May 2012
#Ghost Stories , 1602 Views
Dak Bungalows

Photographs: Dileep Prakash/Photoink

The haunting spaces of remote, colonial-era rest houses.

In 2007 I began photographing dak bungalows, the traditional rest houses of travelling government officials, located throughout the isolated, hilly and mountainous areas of Uttarakhand, Himachal Pradesh and West Bengal. A legacy of the British, these bungalows, built in the architectural style of the colonial era, were constructed as far back as the late 1800s along remote routes used by the empire’s administrators.

I embarked on this photography project to try to capture and revisit some of the memories and emotions I associate with dak bungalows, and to also document these spaces. In this series, I have sought to document only the bungalows – some now quite dilapidated – which still retain their original character.

My memories of dak bungalows go back to the 1970s and early 1980s when, up until I was about 16, I’d accompany my parents to these rest houses – my father’s post with the Uttar Pradesh government took him regularly around the hilly regions of what is now Uttarakhand – where we’d typically stay for one or two nights. The bungalows were often poorly connected by road and we’d have to journey by horseback, jeep or on foot to reach them.

These spaces always seemed very lonely, and haunted to me. The bungalows normally consisted of two or three rooms, a veranda orientated towards a picturesque view, and an outhouse for the staff and horses. Most of them did not have electricity or running water and they were often not in good condition as it was difficult to maintain such remotely situated properties. But I liked their handmade nature, the unevenness 62 of the lime plastered walls, the locally sourced wood and stone used in their construction and the way cobwebs and spiders would hide in room corners. These were stark spaces, and when night fell, for a child sleeping in the pitch black in their own room surrounded by the eerie quiet of the forest, the rustle of a breeze, the scampering about of a wild animal outside or pine leaves falling on the roof could be unnerving sounds. Animals such as leopards were not uncommon in these elevated areas, and it wasn’t safe to be outdoors after sunset. And once one was ensconced in a room at night, the idea of something wild lurking about outside, coupled with the creaky spookiness of the indoors, could bring on a sense of there being no escape.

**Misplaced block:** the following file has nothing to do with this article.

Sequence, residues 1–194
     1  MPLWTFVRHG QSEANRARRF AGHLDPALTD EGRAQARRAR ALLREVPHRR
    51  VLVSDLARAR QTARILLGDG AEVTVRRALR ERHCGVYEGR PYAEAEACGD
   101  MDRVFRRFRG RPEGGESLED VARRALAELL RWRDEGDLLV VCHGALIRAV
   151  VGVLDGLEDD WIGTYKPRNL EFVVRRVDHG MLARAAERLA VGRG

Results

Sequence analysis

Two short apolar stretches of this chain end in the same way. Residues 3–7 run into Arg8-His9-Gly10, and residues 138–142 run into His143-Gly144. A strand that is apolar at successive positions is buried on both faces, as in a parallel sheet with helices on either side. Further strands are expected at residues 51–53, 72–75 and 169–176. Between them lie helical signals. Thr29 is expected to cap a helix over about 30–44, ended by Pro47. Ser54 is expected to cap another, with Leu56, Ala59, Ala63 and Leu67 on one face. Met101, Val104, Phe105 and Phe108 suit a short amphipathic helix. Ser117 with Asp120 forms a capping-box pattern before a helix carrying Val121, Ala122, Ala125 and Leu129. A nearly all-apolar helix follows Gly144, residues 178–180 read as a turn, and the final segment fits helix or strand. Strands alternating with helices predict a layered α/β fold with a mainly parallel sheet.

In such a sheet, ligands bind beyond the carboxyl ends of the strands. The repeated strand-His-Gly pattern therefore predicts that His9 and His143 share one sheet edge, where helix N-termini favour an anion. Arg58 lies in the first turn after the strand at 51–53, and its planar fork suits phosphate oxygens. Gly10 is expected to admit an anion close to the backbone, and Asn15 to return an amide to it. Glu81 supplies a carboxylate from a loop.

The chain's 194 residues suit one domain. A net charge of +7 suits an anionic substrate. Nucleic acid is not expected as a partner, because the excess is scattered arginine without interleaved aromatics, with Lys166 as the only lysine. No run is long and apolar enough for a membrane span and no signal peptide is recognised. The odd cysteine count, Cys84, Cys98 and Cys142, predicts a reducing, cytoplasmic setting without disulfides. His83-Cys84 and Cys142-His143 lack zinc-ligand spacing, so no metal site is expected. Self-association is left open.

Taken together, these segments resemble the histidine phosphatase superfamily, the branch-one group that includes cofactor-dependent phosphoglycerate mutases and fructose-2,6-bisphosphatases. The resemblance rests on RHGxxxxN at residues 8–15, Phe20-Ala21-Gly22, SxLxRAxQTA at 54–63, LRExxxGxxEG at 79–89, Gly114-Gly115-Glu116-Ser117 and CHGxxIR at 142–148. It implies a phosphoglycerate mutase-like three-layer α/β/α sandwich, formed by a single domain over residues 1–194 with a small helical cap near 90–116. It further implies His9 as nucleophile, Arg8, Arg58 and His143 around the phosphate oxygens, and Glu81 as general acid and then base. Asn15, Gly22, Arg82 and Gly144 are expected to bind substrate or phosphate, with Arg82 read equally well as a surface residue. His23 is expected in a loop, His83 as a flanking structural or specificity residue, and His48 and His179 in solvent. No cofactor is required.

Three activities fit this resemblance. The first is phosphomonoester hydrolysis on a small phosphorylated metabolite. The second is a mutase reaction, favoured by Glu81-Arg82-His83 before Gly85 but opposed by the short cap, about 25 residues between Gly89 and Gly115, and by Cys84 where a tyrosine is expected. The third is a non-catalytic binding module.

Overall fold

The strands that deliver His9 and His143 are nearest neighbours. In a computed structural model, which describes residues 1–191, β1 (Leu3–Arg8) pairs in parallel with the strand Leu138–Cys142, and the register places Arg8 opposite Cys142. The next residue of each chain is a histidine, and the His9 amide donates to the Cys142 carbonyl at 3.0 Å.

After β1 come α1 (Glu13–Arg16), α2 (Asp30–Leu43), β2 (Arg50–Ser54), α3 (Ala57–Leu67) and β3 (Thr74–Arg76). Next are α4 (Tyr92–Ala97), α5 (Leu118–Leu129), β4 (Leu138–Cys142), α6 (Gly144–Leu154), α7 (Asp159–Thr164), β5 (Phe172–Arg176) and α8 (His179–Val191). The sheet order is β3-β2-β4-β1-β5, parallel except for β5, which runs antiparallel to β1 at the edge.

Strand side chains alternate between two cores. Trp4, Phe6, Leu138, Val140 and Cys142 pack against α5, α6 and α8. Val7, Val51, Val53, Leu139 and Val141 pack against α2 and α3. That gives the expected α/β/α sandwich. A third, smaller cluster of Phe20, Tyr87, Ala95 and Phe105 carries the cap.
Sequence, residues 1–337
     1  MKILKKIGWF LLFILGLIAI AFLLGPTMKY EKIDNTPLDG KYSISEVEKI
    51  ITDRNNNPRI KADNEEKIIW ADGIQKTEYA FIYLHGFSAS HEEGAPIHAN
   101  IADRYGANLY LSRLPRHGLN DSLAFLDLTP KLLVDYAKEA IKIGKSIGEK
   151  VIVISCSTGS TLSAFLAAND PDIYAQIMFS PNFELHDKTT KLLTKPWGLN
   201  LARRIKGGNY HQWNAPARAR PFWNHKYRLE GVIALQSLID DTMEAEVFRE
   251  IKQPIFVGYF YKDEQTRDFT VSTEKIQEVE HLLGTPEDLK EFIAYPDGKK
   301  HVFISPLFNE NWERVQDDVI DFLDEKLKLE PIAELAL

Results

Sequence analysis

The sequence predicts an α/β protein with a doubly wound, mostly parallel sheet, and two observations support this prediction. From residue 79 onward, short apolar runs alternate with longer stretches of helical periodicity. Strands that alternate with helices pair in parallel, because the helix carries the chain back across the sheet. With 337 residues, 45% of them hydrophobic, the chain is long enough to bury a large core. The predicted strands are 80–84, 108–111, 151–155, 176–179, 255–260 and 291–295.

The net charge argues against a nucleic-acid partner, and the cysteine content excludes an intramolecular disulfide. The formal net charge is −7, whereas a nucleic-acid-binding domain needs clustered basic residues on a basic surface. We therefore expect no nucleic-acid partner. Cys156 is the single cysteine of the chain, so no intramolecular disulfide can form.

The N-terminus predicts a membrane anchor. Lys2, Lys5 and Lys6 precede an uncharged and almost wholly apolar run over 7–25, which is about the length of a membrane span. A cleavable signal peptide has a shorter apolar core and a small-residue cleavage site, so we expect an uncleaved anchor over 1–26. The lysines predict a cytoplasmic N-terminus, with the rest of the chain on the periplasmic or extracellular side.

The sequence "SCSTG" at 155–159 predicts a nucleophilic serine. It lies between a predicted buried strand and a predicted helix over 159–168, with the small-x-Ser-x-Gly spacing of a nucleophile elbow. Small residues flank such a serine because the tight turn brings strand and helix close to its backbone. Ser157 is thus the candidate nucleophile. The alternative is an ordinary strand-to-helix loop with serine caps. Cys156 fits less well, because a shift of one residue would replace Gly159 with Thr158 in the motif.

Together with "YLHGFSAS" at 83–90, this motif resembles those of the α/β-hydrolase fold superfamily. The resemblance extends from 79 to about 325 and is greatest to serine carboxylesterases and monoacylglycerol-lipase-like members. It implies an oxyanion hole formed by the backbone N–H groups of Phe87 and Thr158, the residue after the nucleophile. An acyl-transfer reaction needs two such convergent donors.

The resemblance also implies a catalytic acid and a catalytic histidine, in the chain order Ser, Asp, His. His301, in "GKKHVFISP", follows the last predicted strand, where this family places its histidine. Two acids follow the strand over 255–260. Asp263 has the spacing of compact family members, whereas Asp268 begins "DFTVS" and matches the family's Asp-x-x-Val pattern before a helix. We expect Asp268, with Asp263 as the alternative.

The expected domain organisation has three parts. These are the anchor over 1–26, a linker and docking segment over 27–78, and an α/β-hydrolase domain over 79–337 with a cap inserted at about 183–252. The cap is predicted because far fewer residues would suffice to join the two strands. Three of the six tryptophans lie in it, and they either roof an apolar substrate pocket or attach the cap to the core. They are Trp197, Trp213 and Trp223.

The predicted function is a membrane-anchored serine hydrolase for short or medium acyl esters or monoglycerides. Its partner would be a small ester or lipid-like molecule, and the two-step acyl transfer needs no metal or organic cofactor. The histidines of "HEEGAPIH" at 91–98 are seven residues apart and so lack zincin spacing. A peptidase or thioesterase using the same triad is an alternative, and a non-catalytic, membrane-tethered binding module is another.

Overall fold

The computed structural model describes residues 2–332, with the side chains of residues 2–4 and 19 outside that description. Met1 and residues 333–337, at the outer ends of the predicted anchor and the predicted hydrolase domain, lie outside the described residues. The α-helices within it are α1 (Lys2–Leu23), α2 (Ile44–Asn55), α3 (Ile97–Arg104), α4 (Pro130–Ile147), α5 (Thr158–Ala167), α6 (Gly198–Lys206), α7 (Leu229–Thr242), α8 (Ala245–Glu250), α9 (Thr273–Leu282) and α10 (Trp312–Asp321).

The chowkidars, the caretakers of the bungalows, who were solitary characters with the pronounced idiosyncrasies of people who have spent days on end without any company and have done so for many years, would recount stories of haunted souls. I recall staying in one bungalow located by Dodital, a lake in Uttarakhand that was said to be haunted. In those days, it was forbidden to swim or boat there because it was said that the souls of people who’d once stayed in the bungalow and had drowned would pull you into the water. The chowkidars’ stories carried similar strains, and were centred on death, sometimes very violent demises, and would occupy my thoughts while lying in the dark. It was only when I started taking my own children to stay in dak bungalows that their uneasiness at night replaced my own.

Of the scores I have stayed in, I have only photographed about 15 rest houses. If they have been renovated, as it has happened to bungalows along the tourist trail, under the initiative of the government bodies managing them, I won’t photograph them. Most of the ones I have photographed have remained untouched and unvisited for weeks or months.

The journey to a bungalow is very important to my photographic process. The way I get to the place – following hazy directions, driving along unpaved roads, sometimes in the dark or through rain or sludge, often without any phone signal the deeper I go into the forest and rarely encountering a soul along the way apart from the odd person who can provide directions or may ask for a lift – builds up a mood for what I will find and photograph when I arrive. Without that journey, I may not connect with that bungalow. I stay for one or two nights and then head off.

When I look at these images, some feel purely documentary, and others, the darker ones in this series, bring to mind certain things I felt when I was a child. Even the images taken in the daytime, with light coming in through a door or window, remind me of the way the shadows of branches would play on the bed sheet at night. I will often head out to a dak bungalow when it’s nearly a full moon to maximise the amount of natural light. I photograph deep into the night with very long exposures and in this way the moonlight can sometimes capture strange shadows and inexplicable reflections. As told to Annette Ekin.

Photographs by Dileep Prakash/Photoink (This series is a work in progress.)